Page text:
Full Chisel Blog

January 8, 2009

Tenons: Shoulders or Cheeks first?

Filed under: Uncategorized — Stephen Shepherd @ 9:49 am

Here is another can of worms, together with dovetail pins or tails, air dried verses kiln dried wood, &c.  I honestly don’t care which is first or best, well that is not quite true, I always cut tails first and air dried wood is much better, I just don’t care for a lot of controversy.  Well that is not true either.

Here is an illustration from Country Furniture by Aldren A. Watson, 1974, and that book together with Eric Sloan books were major influences in my early corruption development of an obsession fascination with hand tool woodworking and history.  This drawing just didn’t get it correct.

Miter Box ?

Here is what it is suppose to look like, there is a saw involved and I would call this a backed tenon saw, but not in the way that the term is used today.

Tenon Clamp & Saw

The properly marked stuff being tenoned is placed in the clamp with the proper offset to match the offset of the blade in the saw with the sole of the saw.  This saw is more like a plane than a saw, it has a tote, knob and sole.  The saw works against the clamp and the shoulder cut is made to the cheek marks left by the mortise gauge.

I intend to make one of these but I will build a slightly simpler version, not all tenon clamps have the multiple angled jaws.

This tool allows for cutting both, or even three or all four shoulders, without repositioning the stuff as you would have to do using a side rest (bench hook) or miter box.

Does this answer the controversy?  No, you could just as easily cut the cheeks first, then the shoulders.  That is just not the way I was taught, nor how I make tenons.  I cut the shoulders first, reduces possible splitting when making the cheeks.  Another reason I cut shoulders first is that I almost never saw the cheeks, I almost always split and pare the cheeks with chisels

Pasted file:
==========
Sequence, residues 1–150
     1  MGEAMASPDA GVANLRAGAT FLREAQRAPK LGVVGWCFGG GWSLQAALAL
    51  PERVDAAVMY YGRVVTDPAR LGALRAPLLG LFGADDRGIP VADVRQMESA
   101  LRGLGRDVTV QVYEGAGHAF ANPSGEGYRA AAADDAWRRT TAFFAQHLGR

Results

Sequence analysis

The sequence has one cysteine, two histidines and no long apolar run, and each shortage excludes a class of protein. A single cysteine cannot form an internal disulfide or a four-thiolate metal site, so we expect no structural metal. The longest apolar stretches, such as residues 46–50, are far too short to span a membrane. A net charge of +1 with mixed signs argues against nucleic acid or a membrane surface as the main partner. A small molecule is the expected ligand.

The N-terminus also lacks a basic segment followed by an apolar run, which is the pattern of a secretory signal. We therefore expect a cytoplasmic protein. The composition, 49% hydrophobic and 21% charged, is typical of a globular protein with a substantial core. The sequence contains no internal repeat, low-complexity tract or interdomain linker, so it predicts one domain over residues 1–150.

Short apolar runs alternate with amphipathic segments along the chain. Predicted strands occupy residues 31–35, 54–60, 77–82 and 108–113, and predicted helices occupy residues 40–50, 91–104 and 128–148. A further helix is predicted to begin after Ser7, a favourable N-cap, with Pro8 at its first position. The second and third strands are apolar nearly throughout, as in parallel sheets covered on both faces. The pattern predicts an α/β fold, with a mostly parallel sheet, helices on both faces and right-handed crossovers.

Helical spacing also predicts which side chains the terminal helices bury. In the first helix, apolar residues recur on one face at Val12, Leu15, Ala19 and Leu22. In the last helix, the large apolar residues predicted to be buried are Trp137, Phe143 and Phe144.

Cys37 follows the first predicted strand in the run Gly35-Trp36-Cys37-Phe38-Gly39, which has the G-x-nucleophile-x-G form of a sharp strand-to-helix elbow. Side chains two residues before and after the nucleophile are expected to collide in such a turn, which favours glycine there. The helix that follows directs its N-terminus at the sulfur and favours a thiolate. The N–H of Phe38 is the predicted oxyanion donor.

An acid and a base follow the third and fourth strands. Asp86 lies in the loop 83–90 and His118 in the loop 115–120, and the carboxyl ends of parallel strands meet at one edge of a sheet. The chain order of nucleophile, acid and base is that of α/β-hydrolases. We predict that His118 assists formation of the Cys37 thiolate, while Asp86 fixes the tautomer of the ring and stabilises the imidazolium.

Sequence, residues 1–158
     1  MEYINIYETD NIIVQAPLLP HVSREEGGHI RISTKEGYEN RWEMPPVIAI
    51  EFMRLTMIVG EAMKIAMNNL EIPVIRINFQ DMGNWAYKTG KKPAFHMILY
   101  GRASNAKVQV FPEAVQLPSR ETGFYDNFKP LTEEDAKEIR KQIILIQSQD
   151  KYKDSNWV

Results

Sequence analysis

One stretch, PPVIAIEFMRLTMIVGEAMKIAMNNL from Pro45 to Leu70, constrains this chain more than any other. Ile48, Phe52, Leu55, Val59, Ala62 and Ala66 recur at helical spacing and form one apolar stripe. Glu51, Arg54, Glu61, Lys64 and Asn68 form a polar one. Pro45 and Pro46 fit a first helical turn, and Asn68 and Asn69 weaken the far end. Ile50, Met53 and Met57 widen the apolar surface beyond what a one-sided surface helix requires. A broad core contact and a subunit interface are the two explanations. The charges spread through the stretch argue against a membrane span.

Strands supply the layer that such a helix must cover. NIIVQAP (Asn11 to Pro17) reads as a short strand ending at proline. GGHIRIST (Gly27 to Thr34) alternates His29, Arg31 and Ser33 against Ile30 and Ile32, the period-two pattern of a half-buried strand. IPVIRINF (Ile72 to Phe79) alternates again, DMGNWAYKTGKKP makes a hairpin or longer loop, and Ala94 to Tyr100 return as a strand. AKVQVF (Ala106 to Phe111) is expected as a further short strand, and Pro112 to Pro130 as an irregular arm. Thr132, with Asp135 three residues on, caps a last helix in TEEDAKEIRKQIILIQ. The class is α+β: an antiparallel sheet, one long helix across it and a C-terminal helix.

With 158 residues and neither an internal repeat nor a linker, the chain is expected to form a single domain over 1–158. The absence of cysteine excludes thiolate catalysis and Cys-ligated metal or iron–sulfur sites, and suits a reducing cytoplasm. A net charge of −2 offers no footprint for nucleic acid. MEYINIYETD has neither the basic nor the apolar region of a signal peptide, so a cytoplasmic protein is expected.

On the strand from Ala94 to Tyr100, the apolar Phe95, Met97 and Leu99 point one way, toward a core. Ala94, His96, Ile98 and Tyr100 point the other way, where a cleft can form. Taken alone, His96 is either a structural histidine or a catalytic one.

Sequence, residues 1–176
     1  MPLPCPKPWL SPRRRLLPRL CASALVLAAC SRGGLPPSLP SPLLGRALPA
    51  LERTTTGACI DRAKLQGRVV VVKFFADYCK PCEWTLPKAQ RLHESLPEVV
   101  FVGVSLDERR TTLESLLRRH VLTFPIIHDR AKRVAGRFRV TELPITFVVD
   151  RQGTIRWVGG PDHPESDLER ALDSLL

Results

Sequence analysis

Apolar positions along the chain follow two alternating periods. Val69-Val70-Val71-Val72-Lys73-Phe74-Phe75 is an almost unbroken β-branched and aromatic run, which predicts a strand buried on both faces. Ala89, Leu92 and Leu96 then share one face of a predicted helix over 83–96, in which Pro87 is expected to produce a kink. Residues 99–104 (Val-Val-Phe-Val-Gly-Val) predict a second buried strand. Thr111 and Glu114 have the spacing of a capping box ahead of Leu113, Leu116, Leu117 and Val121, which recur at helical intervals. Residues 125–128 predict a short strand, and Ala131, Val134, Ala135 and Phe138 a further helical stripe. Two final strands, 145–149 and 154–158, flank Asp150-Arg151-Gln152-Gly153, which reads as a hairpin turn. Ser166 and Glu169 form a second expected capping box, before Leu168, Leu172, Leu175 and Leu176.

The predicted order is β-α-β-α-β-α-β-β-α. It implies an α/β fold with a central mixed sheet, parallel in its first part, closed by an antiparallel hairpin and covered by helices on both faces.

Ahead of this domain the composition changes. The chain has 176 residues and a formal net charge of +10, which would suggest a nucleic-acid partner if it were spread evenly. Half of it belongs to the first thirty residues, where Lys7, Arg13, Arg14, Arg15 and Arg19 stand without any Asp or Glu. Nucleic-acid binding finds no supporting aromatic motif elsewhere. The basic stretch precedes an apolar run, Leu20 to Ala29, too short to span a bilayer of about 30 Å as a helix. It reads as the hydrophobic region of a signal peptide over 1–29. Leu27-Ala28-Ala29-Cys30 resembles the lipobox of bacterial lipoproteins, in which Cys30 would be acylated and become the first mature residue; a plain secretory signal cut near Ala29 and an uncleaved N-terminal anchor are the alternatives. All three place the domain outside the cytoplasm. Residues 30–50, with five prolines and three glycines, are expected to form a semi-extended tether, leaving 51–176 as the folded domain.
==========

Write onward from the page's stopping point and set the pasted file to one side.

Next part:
1. I’ve heard about splitting off the cheeks before, but haven’t tried it myself. Is there a concern about the split not being completely straight and veering towards the inside of the board, so that part of the tenon is narrower than planned? If it does happen, how do you fix it?

    Comment by Wilbur — January 8, 2009 @ 10:04 am

  2. Interesting. Based on the Tuesday night chat I requested the Watson book at the library, I can’t wait to get it now.

    Comment by Duane — January 8, 2009 @ 11:19 am

  3. Stephen,
    I’ve tried it both ways and I prefer shoulders first. I cut the shoulders by sawing around the stock using a bench hook. I start by sawing a long shoulder, turn the board 90 degrees, saw a short shoulder, turn 90 degrees, saw the other long shoulder, turn again and saw the last short shoulder. I use the kerf from the previous cut to register the saw for the subsequent cut to help me keep the shoulder line consistent all around the tenon stock. I do it this way as opposed to say sawing the two long shoulders first, in which case I could potentially saw them slightly offset. Also, If I accidentally slightly overcut the shoulder, I saw into the tenon, which will be hidden in the joint after assembly. If you slightly overcut a cheek cut, it won’t be hidden but will stick out like a sore thumb.

    Comment by Bob Rozaieski — January 8, 2009 @ 12:35 pm

  4. That’s a cool jig, Stephen. Were backed tenon saws normally made by the user? I’ve never seen one.
    Country Furniture is one of my very favorite books.

    Comment by The Village Carpenter — January 9, 2009 @ 5:30 am

  5. Wilbur,

    I start with small splits and go to school on the grain. I sneak up on the split to insure that a bad deep split doesn’t happen. I sometimes have to go the other direction or even cross grain to make the tenon. Most of the time the splits, not being that long works just fine.


    It is generally a good book, a few mistakes but it has a great feel and look.


    The advantage to this jig is that the shoulders line up. Your description is how I cut tenons now.


    Mine of course will be user made, however both the clamp (jig) and saw were commercially available during the nineteenth century at least in Europe. I will use a fine toothed blade sharpened cross cut for my backed tenon saw.


    Comment by Stephen Shepherd — January 9, 2009 @ 8:06 am

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